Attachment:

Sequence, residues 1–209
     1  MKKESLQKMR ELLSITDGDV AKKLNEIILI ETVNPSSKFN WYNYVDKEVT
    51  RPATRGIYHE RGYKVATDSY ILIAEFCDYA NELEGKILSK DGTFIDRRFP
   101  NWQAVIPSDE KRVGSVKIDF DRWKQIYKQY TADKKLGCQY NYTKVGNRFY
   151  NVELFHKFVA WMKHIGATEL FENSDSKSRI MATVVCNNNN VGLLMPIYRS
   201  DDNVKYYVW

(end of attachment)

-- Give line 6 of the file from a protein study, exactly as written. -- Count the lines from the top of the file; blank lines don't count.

   201  DDNVKYYVW